Down on the Three Sisters Beach proper, I was stunned to see that the PILOT POINT ARCH HAD GONE!  I later discovered that the PILOT POINT CAVE, where my project started, HAD ALSO BEEN DESTROYED.  As for the Three Sisters Beach, well, it had been monstered by the vigorous depression.  It was the worst destruction I have seen and quite surprising as I have documented seemingly more potent storms.  The wind was howling, the sea raging and horizontal rain was sleeting in.  As I approached the Three Sisters, the beach had been scoured right down to its bare bones of rocks and rock platforms.  I wouldn’t be accessing the Four Brothers Beach today.

 

From what I could see, the coastline had been truly monstered.  It made me wonder what else had been totalled in places I had yet to visit.

FOOTNOTE;  22.7.2008.  Another massive storm system is on its way.  I have just experienced a wind downburst which blew open the windows on the opposite side of the house to the wind direction.  Also, the large plank of wood on the garage roof blew off.  Scary stuff.  I suppose there will be more massive erosion up on the Tonga coastline as the wind direction is from the north-west.

 

24 July 2008  

PHO2011-1261, PHO2011-1262, PHO2011-1263, PHO2011-1264, PHO2011-1265, PHO2011-1266, PHO2011-1267, PHO2011-1268, PHO2011-1269, PHO2011-1270, PHO2011-1271, PHO2011-1272

Gibbs’ Fishing Point looking north along the Four Brothers Beach.

The Fledglings Overlook, looking down on the Fledglings and north towards Gull Rock.

The Fledglings Overlook, looking south along Beach One.

On the Three Sisters Beach looking across the Tonga River towards Pilot Point.

The Three Sisters Beach.

On Pilot Point looking south over the Tonga River towards the Three Sisters Beach.

A 3.1m high tide was due at 1.41 pm.  A few days after full moon.

SUPER-STORM EVENT – Super-Storm Two.  This was also an alpha storm.

A severe storm with north-westerly winds had pounded the North Island yesterday.  Heavy rain, high winds and huge swells were its calling cards.

Having documented the massive damage at Pilot Point on the 20th (Sunday), I wanted to document any further damage for comparison purposes.  The weather today was ‘calm’ with a light southerly.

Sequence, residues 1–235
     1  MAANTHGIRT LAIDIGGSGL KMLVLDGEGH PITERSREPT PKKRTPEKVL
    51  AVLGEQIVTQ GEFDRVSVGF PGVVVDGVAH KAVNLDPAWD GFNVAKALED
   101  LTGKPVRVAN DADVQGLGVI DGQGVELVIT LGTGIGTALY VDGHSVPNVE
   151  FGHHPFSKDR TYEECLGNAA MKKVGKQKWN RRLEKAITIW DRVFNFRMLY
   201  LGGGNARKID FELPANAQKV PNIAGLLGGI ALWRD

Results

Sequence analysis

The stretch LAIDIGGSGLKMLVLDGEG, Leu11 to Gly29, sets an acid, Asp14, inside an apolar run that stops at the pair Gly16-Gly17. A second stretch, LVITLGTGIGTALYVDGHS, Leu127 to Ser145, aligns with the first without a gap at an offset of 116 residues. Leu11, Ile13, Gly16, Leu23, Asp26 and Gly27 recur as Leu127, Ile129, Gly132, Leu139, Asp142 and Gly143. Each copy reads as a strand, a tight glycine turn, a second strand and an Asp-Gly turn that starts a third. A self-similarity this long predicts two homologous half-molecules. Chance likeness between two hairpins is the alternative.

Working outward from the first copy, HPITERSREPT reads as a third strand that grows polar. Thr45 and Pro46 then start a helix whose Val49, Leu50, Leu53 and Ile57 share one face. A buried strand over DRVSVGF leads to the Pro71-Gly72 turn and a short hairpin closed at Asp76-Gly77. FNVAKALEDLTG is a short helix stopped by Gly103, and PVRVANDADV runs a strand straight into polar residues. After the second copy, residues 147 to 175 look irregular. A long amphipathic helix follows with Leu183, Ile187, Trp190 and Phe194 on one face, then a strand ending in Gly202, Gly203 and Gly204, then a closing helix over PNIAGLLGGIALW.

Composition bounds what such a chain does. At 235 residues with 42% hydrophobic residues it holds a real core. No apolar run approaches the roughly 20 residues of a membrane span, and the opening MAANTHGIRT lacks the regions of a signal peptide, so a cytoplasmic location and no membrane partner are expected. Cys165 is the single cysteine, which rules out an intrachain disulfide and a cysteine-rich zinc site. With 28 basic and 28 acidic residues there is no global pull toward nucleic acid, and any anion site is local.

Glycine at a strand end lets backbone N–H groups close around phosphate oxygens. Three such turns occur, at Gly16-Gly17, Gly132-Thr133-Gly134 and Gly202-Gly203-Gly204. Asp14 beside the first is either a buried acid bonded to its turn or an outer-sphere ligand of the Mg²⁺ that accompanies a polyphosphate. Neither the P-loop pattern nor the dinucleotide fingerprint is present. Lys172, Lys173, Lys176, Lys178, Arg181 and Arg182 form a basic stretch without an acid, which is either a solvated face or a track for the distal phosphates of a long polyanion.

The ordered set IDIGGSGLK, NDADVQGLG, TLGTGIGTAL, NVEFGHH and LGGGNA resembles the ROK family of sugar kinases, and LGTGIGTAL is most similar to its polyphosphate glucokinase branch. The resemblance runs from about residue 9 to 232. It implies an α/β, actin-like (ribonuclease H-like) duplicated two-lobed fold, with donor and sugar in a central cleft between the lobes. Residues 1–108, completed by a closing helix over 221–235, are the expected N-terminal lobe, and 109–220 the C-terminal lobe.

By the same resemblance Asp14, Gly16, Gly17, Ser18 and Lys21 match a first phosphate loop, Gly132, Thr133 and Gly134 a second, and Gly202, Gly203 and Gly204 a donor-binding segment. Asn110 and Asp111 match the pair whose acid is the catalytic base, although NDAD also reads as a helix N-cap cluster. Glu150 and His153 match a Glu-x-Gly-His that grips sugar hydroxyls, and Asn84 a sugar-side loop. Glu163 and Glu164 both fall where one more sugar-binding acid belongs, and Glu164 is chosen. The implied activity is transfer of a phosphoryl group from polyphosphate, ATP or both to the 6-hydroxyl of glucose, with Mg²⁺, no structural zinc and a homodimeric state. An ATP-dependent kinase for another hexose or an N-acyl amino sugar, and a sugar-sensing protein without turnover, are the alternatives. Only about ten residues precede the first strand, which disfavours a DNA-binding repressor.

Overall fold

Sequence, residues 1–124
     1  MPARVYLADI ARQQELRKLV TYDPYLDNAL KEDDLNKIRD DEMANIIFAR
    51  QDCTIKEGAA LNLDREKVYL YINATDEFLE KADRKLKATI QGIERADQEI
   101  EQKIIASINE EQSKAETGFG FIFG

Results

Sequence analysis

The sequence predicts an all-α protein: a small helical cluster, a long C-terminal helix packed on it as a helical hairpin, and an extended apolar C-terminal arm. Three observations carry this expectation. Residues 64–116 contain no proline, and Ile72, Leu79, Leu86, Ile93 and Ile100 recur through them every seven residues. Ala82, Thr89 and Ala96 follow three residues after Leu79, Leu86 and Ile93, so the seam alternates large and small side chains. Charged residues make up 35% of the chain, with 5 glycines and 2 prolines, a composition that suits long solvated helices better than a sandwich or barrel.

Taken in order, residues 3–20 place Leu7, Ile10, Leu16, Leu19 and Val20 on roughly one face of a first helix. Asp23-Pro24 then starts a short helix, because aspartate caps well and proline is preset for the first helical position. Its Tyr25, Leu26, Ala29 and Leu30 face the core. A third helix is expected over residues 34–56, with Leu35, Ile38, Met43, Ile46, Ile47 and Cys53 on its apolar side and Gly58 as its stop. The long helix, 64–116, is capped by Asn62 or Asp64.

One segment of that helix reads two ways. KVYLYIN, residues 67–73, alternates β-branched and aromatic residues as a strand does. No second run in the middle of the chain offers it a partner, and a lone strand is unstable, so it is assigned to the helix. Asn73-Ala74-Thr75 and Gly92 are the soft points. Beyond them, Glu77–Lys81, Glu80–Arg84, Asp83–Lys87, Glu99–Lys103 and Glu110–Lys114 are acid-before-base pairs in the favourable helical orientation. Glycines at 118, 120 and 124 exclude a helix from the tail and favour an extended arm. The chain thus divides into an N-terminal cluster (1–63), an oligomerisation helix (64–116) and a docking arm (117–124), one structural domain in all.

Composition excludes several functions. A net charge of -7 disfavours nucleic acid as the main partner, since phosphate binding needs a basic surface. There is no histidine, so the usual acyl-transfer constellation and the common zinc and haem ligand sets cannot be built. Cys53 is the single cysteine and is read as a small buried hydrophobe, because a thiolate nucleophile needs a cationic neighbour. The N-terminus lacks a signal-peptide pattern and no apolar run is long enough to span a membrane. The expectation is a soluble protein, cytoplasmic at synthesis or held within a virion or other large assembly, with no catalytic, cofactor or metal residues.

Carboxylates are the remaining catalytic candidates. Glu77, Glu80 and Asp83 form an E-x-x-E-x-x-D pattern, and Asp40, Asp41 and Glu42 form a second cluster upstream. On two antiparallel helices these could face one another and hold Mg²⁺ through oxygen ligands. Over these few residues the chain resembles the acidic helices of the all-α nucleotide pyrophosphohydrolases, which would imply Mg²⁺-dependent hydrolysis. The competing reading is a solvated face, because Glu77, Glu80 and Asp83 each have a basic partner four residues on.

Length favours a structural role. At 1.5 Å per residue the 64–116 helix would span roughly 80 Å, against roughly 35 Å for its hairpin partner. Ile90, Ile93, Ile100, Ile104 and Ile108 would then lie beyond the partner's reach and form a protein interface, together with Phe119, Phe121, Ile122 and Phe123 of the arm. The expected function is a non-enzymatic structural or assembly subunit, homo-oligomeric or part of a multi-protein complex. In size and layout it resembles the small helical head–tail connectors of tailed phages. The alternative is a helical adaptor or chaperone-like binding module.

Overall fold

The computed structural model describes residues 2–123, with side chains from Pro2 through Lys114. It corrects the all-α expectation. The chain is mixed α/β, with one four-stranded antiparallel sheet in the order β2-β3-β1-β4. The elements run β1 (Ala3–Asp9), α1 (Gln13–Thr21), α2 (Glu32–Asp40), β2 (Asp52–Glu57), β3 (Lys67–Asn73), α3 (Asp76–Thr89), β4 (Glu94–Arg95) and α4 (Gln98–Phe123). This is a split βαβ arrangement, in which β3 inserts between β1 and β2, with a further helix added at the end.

The weather chart showed 7m swells.  Up at Tonga that was the first thing I noticed;  a tremendous swell with massive waves breaking cleanly well offshore.  At Gibbs’ Fishing Point, huge backwash waves were quite spectacular.  They are quite a distinctive feature here due to the unique topography of this location.

Down at the Three Sisters Beach, I could see that the STORM SURGE HAD OVERTOPPED THE DUNE BANK.  Also, you could no longer access the beach from the usual spot.  This had been gouged out and there was about a five foot drop to the beach.  I followed a track around to the rear of Mammoth Rock and then it struck me what was different.  THE SAND BRIDGE THAT HAD CONNECTED THE DUNE AREA TO MAMMOTH ROCK HAD GONE!

After this revelation, I clambered up onto an outcrop of Mammoth Rock to get an overview across the Tonga River towards Pilot Point.  As I climbed up, I slipped on some muddy rock and fell forward.  My mistake.  Nothing too horrendous.  By the time I had gingerly secured my footing on a dryer rock layer than a huge surge swept past.  Had I been on the beach, I would have been swept away.  This surge or ‘storm bore’ came in like a train on steroids – tremendous energy.  Past knowledge of such things had kept me safe for now.

The sea, though going out, seemed ‘high’.  This to mean that due to storm surge it was more bulked up than usual.  Specifically, the lower the depression’s pressure is, the higher the sea level.  The beach itself had been swept clean.  All the logs and other debris dead sheep, etc., had vanished.  Such was the power of the waves that I could hear the loose rocks clinking together.

FOOTNOTE:  Russell Gibbs later attested that the sand bar that had joined the dune to Mammoth Rock had been intact for at least 40 years.

 

3 August 2008  

PHO2011-1273, PHO2011-1274, PHO2011-1275, PHO2011-1276, PHO2011-1277, PHO2011-1278, PHO2011-1279, PHO2011-1280, PHO2011-1281, PHO2011-1282

The Three Sisters Beach.

Pilot Point Beach.

A 0.3m low tide was due at 5.14 pm.  Just after new moon.